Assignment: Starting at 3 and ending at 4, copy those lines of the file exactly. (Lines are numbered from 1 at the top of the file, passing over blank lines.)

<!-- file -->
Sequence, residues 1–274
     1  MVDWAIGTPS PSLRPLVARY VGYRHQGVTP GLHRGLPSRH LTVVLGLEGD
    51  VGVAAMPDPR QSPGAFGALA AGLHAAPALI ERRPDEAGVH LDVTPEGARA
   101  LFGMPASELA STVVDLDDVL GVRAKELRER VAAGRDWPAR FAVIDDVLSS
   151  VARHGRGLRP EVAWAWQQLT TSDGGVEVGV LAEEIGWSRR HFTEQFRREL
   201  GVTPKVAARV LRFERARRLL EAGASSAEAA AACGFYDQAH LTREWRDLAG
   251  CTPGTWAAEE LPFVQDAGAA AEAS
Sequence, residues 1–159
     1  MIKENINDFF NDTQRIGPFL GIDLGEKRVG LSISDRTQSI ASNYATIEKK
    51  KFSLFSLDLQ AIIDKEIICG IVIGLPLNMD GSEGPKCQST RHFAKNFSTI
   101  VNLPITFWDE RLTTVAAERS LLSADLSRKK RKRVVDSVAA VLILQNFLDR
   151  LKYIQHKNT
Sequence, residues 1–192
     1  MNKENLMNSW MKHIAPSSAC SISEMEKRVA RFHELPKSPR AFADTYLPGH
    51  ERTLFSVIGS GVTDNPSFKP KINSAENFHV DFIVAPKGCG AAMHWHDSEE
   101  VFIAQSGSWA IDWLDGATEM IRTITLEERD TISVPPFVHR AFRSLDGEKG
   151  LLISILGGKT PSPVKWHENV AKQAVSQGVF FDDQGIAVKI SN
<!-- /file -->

    51  VGVAAMPDPR QSPGAFGALA AGLHAAPALI ERRPDEAGVH LDVTPEGARA
   101  LFGMPASELA STVVDLDDVL GVRAKELRER VAAGRDWPAR FAVIDDVLSS